... expressions of good-will, he saluted him with a loud voice by the name of Magnus,[213] and he bade those who were present to address him in the same way. The word Magnus means Great. Others say that it was in Libya first that the whole army with acclamation pronounced the name, and that it obtained strength and currency by being confirmed by Sulla. But Pompeius himself, after everybody else, and some time later when he was sent into Iberia as proconsul against Sertorius, began to call himself in ...
— Plutarch's Lives Volume III. • Plutarch

... to the Heav'n of Heav'ns his high abode, Thence to behold this new created World Th' addition of his Empire, how it shew'd In prospect from his Throne, how good, how faire, Answering his great Idea. Up he rode Followd with acclamation and the sound Symphonious of ten thousand Harpes that tun'd Angelic harmonies: the Earth, the Aire 560 Resounded, (thou remember'st, for thou heardst) The Heav'ns and all the Constellations rung, The Planets in thir stations list'ning stood, While the bright Pomp ascended jubilant. Open, ye ...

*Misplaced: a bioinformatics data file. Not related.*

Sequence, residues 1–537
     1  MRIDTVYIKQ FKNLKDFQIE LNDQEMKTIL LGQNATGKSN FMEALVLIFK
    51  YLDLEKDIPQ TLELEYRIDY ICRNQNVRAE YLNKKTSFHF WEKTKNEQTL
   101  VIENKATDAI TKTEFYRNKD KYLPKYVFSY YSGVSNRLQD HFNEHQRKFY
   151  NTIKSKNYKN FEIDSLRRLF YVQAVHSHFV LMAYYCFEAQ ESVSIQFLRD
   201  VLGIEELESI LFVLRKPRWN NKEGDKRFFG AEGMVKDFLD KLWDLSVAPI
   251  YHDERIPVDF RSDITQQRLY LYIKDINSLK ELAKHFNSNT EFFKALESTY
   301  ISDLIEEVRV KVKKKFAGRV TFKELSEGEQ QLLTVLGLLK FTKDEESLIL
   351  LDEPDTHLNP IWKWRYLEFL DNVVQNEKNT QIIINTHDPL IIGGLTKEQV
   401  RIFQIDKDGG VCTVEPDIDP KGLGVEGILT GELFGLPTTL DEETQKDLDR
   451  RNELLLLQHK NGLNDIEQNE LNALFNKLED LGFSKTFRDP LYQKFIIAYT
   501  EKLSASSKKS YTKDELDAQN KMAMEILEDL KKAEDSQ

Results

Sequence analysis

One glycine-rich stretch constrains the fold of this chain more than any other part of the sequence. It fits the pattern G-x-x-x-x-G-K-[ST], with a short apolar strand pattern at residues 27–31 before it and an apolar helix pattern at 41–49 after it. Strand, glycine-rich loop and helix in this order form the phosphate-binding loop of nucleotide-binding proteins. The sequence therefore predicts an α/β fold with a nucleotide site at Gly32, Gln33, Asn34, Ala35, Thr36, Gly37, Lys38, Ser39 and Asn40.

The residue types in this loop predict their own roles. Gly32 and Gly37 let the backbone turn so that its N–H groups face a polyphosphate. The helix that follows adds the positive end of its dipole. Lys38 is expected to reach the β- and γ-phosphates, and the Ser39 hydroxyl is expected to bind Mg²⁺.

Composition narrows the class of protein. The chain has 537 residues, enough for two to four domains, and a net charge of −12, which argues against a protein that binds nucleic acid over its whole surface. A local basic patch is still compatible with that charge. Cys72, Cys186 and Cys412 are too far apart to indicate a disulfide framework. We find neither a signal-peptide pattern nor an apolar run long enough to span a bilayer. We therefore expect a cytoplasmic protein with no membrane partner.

— The Poetical Works of John Milton • John Milton

... black-heart cherries, and his teeth like the whiteness of the flesh of cocoanuts, and his laugh that set the chandelier-drops rattling overhead, as we sat at our sparkling banquets in those gay times! Harry, champion, by acclamation, of the college heavy-weights, broad-shouldered, bull-necked, square-jawed, six feet and trimmings, a little science, lots of pluck, good-natured as a steer in peace, formidable as a red-eyed bison in the crack of hand-to-hand battle! Who forgets the great muster-day, and the ...